$14.5 Million Awarded in Abdominal Compartment Syndrome Case in Massachusetts

The family of Chelmsford woman who died a day after thyroid surgery at Brockton Hospital was awarded $14.5 million by Middlesex County, Massachusetts jury in a medical malpractice case this week after five hours of deliberation. Pursuant to favorable provision of Massachusetts law, the award included more than $5 million in interest.

Plaintiff’s decedent was a 30 year-old woman who went to the doctor because of a lump on her thyroid gland. Her surgeons did a biopsy on the benign lump but in recovery someone noticed that her abdomen was swollen and her stomach and legs had turned blue. She apparently developed abdominal compartment syndrome from air that had gotten into her stomach.

The doctors did what they should have done initially. The operated again and released the air. Unfortunately, the surgeons immediately closed the wound immediately without letter all of the air escape. She was flown to Boston Medical Center for surgery but died later that day.

I cannot imagine how this case went to trial. Often the doctor’s medical malpractice lawyers defend these cases on the basis of the difficulty of diagnosis of abdominal compartment because it often occurs in patients with other causes of circulatory or respiratory failure. So the plaintiff’s medical malpractice claim is usually defended on the basis that the doctor did not diagnose abdominal compartment syndrome because the patient’s symptomology was consistent with other problems and the patient died or suffered severe injury before the condition was uncovered. In this Boston medical malpractice case, diagnosis was not the problem. Instead, it was the conduct after of the doctors after they knew of the condition that led to the medical malpractice.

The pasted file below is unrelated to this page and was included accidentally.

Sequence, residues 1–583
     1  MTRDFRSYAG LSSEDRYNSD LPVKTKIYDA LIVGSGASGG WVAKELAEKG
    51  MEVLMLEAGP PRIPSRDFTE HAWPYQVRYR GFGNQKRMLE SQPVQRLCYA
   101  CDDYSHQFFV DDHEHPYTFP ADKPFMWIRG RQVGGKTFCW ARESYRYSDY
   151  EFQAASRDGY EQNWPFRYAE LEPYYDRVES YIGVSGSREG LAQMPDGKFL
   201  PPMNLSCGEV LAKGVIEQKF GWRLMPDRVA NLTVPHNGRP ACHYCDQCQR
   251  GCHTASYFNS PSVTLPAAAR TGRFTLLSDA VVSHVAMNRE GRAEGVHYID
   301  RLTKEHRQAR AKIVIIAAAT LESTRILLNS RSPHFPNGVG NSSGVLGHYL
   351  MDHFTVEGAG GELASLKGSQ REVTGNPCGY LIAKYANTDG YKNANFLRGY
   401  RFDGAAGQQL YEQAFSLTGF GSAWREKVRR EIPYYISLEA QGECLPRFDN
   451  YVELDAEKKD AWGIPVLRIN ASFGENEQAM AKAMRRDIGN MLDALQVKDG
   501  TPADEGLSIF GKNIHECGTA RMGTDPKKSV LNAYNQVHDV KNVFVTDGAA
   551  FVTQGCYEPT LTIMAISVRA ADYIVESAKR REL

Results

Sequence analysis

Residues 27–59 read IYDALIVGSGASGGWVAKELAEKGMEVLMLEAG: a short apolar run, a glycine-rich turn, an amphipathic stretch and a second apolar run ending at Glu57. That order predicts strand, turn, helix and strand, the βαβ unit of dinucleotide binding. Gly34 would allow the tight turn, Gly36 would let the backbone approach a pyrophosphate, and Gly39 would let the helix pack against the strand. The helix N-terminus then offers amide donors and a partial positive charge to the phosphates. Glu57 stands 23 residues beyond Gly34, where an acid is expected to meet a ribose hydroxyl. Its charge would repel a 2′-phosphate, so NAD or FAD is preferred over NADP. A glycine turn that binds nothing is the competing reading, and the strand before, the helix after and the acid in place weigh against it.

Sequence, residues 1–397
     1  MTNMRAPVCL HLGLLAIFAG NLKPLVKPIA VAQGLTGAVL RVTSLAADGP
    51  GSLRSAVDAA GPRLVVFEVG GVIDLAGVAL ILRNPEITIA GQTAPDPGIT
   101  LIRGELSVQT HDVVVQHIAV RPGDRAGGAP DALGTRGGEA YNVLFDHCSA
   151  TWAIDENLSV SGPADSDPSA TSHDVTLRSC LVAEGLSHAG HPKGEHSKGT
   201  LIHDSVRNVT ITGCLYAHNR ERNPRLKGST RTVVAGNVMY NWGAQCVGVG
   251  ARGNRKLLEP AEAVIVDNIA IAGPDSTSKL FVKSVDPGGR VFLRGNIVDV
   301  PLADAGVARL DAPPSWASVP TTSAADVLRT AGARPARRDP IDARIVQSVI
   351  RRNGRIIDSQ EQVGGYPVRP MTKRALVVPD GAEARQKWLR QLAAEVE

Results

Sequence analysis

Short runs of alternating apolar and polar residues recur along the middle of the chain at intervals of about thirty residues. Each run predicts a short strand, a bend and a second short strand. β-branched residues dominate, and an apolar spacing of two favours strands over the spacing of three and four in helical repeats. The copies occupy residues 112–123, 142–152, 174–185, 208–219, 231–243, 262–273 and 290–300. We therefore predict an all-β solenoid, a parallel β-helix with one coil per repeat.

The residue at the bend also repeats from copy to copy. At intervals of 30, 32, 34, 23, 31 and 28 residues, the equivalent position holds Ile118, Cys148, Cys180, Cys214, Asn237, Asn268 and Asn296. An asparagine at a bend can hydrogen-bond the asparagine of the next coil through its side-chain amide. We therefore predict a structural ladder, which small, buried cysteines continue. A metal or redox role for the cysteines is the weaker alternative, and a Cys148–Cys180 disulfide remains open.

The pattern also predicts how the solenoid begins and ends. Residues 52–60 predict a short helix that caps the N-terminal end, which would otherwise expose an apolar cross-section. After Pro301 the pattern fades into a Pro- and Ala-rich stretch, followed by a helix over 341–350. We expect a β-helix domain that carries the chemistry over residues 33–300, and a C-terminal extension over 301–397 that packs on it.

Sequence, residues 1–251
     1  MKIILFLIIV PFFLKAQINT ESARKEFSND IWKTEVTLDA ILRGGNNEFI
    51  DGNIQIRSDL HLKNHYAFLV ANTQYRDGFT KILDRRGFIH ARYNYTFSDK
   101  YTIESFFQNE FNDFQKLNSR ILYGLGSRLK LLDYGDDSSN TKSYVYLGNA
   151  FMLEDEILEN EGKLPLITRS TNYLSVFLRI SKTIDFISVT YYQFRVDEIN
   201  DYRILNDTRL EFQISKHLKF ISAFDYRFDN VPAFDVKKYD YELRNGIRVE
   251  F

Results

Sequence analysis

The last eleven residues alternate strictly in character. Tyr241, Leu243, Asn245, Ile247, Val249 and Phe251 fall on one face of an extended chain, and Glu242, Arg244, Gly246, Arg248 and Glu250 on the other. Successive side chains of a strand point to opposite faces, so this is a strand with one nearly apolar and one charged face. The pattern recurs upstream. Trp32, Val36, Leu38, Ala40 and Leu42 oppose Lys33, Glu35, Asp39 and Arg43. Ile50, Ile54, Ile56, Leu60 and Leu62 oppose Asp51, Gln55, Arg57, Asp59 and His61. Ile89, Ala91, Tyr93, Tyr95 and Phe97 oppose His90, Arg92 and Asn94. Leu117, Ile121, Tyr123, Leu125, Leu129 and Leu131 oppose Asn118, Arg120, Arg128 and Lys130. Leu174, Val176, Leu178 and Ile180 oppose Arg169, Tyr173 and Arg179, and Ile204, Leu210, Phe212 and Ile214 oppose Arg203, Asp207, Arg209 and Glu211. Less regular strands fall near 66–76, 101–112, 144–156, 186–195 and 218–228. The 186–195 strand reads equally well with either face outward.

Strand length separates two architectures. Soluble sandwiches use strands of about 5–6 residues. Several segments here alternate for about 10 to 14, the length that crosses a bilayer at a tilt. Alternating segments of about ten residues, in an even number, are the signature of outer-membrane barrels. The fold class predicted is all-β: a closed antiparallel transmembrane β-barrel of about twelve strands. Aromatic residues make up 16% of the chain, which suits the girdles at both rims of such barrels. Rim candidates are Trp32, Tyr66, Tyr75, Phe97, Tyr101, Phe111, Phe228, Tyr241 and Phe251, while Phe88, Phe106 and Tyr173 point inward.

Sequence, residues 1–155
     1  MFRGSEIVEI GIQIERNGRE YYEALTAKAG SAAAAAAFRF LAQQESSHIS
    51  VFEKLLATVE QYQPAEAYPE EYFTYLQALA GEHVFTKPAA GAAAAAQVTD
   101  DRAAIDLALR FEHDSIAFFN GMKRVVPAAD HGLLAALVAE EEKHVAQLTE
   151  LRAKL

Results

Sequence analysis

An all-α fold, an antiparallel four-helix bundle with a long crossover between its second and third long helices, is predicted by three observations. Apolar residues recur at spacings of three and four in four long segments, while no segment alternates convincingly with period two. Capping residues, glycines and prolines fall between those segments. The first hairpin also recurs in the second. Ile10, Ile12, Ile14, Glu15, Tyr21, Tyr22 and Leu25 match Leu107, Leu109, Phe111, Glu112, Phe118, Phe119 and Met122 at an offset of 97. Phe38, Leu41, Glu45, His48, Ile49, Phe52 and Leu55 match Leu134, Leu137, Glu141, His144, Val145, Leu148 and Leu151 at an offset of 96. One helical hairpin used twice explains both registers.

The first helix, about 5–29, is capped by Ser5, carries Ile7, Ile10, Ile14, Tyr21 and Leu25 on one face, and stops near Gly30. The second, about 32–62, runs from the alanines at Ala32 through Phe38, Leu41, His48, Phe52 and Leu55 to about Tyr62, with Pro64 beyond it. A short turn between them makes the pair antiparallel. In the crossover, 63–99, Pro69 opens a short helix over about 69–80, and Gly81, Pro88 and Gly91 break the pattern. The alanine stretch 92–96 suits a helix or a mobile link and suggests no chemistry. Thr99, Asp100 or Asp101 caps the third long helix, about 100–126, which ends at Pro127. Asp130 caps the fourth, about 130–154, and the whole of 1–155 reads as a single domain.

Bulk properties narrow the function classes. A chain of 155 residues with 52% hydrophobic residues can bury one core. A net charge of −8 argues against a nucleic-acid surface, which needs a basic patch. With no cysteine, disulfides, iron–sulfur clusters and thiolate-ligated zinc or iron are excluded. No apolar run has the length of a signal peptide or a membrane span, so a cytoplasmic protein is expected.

One more comment about the case: when the woman was in trouble, they transported her by helicopter to another Boston hosptial. If I’m getting elective surgery, I much rather do it at the hosptial where they are going to be sending me if a problem does occur.

You can find the Boston Globe story on this case here.